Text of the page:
FRIDAY REVIEW

The vigilant observer

L.S. Seshagiri Rao: `Role models are not available in markets, and universities can't produce writers.' — Photo: Bhagya Prakash K.

L.S. Seshagiri Rao: `Role models are not available in markets, and universities can't produce writers.' — Photo: Bhagya Prakash K.  

— Photo: Bhagya Prakash K.

PROF. L.S. Seshagiri Rao, fondly known as LSS, could be called the conscience-keeper of Kannadigas. He is an English teacher by profession and has taught thousands of students in his long career spanning nearly thirty-five years. He is a literary critic by choice, his valuable insights guiding innumerable Kannada writers. But what makes this 80-year-old teacher-writer-critic one of his kind is the fact that he has not just confined himself to language and literature, but has also donned the role of an activist and is always in the forefront of any movement pertaining to Kannada and Karnataka. .

Like the literary geniuses of yesteryear such as B.M. Srikantiah, S.V. Ranganna, G.P. Rajaratnam, A.N. Murthy Rao and V. Seetharamiah, L.S. Seshagiri Rao has imbibed their spirit of hard work and sacrifice to preserve the stature of Kannada. He fondly remembers his father and mentor L. Swamy Rao, who was a teacher and initiated him into the nuances of literature.

Since LSS has closely been observing several literary schools of thought and has always remained a curious reader of all the works produced in Kannada, he has the great advantage of putting forth things in an authentic manner. He says literature has scaled new heights in the recent times with writers who are well-versed in various disciplines such as modern psychology, sociology, besides being conversant with economics and politics too. He explains how Dalit literature is a powerful force to reckon with. LSS believes that unless a writer is backed by a rich experience and can speak for his values, which include self-respect and truth, he cannot achieve much. It is precisely for this reason that has given Dalit writing so much credibility.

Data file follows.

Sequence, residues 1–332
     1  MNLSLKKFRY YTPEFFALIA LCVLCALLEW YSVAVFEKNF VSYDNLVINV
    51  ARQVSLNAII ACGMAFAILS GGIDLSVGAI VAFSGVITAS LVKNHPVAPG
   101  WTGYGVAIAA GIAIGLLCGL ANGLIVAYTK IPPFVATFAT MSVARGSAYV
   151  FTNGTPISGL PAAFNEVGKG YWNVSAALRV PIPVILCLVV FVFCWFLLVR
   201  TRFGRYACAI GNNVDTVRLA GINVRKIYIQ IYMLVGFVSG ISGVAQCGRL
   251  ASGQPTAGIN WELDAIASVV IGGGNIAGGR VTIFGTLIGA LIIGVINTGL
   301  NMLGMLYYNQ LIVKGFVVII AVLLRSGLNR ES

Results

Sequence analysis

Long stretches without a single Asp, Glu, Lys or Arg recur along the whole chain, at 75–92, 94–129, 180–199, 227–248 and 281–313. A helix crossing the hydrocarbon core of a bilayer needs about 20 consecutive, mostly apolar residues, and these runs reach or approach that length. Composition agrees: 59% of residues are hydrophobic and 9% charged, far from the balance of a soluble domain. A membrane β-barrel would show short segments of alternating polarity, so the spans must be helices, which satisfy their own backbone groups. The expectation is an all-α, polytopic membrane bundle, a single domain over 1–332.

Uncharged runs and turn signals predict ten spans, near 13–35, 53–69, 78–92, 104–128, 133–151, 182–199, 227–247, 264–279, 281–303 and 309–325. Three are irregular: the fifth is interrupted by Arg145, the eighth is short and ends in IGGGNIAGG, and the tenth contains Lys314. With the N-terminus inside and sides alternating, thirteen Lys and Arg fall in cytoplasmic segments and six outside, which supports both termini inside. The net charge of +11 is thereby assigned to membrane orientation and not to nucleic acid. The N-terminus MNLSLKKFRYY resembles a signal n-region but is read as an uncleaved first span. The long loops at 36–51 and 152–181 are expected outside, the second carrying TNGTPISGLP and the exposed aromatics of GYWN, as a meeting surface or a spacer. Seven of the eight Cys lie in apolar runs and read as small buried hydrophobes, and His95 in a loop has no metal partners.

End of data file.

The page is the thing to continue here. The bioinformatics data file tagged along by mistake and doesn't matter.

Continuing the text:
Don't many young writers complain that they have no role models? "Kuvempu, Masti, Bendre and Shivarama Karanth did not announce themselves as role models?" retorts LSS. "Role models are not available in markets and universities can't produce writers," he adds. LSS stresses that technique and craft could be taught in the classroom, while writing is something that comes naturally to an individual. "It is necessary that a writer grows independently by observing things and develop a writer's temperament."

Jane Austen became a fine novelist with her keen sense of observation and sensitivity. He says that's what made Bendre a great love poet, Shelley so convincing on death, and Eliot, who began at the late age of 40, a powerful influence on several generations of writers. He went on to talk of S.L. Bhyrappa, the well-known writer, who travels widely to acquire first hand knowledge, before he ventures out to write a novel.

LSS does not agree to the fact that Kannada readership is dwindling. Television has done considerable damage but believes that the existing readership will continue as more and more people are coming back to books. He recalls how as the Chairman of the Kannada Book Authority, he had such difficulty in putting things into any kind of order, because book selling has never been an industry in Karnataka and it lacks systematic approach.

He feels that the requirement of each reader is different, and so there should be a wide variety of books. LSS feels that the present-day Kannada agitations need an altogether new approach keeping in mind the ground reality. If it is a bleak situation, it is because of the lack of political will. Unless we are able to provide books in Kannada that suit every discipline, we cannot expect to make Kannada the medium of instruction.

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